Schubert Ensemble Blackheath Concert Halls 23 January and Wigmore Hall 3 February 2000, with Chamber Music 2000 Concert by school children preceding the evening recital.
This distinguished ensemble gave an engrossing concert of Hummel, Fitkin, Fauré & Korngold at Blackheath during a busy series of London appearances. Hummel's Op 87 Quintet (with double bass, as Schubert's Trout) is a lightweight piece with less than memorable material for the most part, a dancing scherzo its high spot. It has demanding, virtuosic passage work for the pianist, but less for the strings to do; pleasant entertainment for a Sunday morning. Grahame Fitkin's new piece MacGuffin was unexpectedly bland, very different to his usual high-energy offerings. Faure's second Piano Quartet Op 45 was played boldly, with vivid contributions from every player and no problems about balance with the piano, its lid wide open so that the tone was not boxed in. For encore, the peaceful Lied from Korngold's large-scale suite for piano (left hand only) and strings (coupled with his Piano Quintet on ASV CDA 1047).
The Schubert Ensemble, holder of the 1998 Royal Philharmonic Society Award as best chamber ensemble, has commissioned short pieces suitable for young and amateur musicians. A number of these were played at Wigmore Hall on before the Ensemble's own concert. Camden School for Girls, Pimlico School and the specialist Purcell School fielded youngsters who gave creditable accounts of this music in their opportunity to appear on the Wigmore Hall platform and stayed on to contribute to the lively audience of all ages for the concert afterwards. Strong impressions were left by some delicate extracts from Pavel Novak's twelve pieces, one for each month, Year of a Bird (I hope these will be performed soon in their entirety); by five John Woolrich miniatures, Jean Hasse's Next Dance (see CD review of her Kinkh) and a typically brusque and gritty piece by Gerald Barry, Snow is white, all of them receiving premieres.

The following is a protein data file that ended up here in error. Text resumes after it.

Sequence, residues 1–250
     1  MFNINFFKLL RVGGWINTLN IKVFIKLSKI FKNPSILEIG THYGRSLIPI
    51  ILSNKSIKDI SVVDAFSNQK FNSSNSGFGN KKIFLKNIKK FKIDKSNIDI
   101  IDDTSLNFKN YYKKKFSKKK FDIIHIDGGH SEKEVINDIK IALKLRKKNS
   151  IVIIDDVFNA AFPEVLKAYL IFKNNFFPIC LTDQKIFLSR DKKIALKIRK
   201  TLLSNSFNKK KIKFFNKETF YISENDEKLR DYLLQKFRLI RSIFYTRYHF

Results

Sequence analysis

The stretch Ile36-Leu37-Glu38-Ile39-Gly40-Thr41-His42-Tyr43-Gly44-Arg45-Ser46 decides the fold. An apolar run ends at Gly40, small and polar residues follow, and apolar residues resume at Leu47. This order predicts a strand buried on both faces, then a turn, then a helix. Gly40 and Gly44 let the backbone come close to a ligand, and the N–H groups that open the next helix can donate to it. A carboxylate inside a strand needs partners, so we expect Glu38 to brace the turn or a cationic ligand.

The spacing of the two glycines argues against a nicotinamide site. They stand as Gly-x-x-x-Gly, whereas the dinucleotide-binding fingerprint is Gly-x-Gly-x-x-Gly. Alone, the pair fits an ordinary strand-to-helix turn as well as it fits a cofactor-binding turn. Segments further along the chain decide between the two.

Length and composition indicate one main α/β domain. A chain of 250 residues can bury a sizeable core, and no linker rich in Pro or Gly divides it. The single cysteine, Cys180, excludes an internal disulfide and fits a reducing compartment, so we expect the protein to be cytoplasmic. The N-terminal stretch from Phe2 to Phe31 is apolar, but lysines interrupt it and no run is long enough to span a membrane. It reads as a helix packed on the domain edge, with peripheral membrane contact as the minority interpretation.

The Schubert Ensemble's own concert culminated with the Brahms Op 25 piano quartet, preceded by two works of great interest. Louise Farrenc first Piano Quintet (1842, for the same grouping with double bass that Schubert has for The Trout) showed that there was no good reason for its relative neglect. An accomplished composer, successful in her time, it is thoroughly charming, with melodic interest which gives good opportunities for each player to take a share of the limelight, especially in a glorious slow movement. There is a wide range of moods and it ends quietly, which is generally not the recipe for loud applause! A serendipitous discovery for most of us, who would not have heard it before; who in UK is promoting the claims of French 19th Century women composers? Both of Louise Farrenc's two piano quintets are available on CPO999 194-2.
Ending at the beginning, two interlinked world premieres by John Woolrich, Five Chorales and A shadowed lesson (based upon those Bach same chorales) deeply moving in Woolrich's dark hued instrumentation, with the piano used very sparingly and featuring Peter Buckoke's double bass in high profile. Both the Farrenc & Bach/Woolrich reworkings would make fine companion pieces for the Trout Quintet in concert, and they should also find places in the Schubert Ensemble's extensive ASV discography. (If you don't know Woolrich's very individual music, try Ulysses Awakes, ASV DCA 1049. For pianists, even those with modest technique, it is good news that Woolrich's Pianobooks I-VII have just been published by Faber Music, £8.95p.)
Peter Grahame Woolf
On 24 February at 6.0 & 7.30 at South Bank Centre, The Schubert Ensemble will give a concert of commissioned works, preceded by another opportunity to hear some pieces by well known composers for the Chamber Music 2000 project, played by young players who had been coached by members of the Ensemble.
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